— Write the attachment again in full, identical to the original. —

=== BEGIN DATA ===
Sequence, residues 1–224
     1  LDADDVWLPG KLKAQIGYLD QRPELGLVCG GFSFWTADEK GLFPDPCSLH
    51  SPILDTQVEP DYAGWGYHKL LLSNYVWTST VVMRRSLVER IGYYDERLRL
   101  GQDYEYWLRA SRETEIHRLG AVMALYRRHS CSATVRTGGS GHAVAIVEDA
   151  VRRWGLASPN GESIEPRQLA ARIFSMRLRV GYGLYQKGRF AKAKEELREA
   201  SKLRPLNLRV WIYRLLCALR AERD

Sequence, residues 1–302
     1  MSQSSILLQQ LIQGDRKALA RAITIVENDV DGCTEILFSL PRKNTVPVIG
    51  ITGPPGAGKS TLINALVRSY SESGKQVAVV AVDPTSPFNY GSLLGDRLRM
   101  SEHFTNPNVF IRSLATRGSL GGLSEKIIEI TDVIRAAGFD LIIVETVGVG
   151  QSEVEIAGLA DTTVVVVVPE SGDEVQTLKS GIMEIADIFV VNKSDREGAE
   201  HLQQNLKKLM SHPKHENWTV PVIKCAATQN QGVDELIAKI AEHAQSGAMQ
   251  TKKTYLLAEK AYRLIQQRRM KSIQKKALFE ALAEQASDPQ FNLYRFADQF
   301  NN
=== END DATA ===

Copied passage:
Sequence, residues 1–224
     1  LDADDVWLPG KLKAQIGYLD QRPELGLVCG GFSFWTADEK GLFPDPCSLH
    51  SPILDTQVEP DYAGWGYHKL LLSNYVWTST VVMRRSLVER IGYYDERLRL
   101  GQDYEYWLRA SRETEIHRLG AVMALYRRHS CSATVRTGGS GHAVAIVEDA
   151  VRRWGLASPN GESIEPRQLA ARIFSMRLRV GYGLYQKGRF AKAKEELREA
   201  SKLRPLNLRV WIYRLLCALR AERD

Sequence, residues 1–302
     1  MSQSSILLQQ LIQGDRKALA RAITIVENDV DGCTEILFSL PRKNTVPVIG
    51  ITGPPGAGKS TLINALVRSY SESGKQVAVV AVDPTSPFNY GSLLGDRLRM
   101  SEHFTNPNVF IRSLATRGSL GGLSEKIIEI TDVIRAAGFD LIIVETVGVG
   151  QSEVEIAGLA DTTVVVVVPE SGDEVQTLKS GIMEIADIFV VNKSDREGAE
   201  HLQQNLKKLM SHPKHENWTV PVIKCAATQN QGVDELIAKI AEHAQSGAMQ
   251  TKKTYLLAEK AYRLIQQRRM KSIQKKALFE ALAEQASDPQ FNLYRFADQF
   301  NN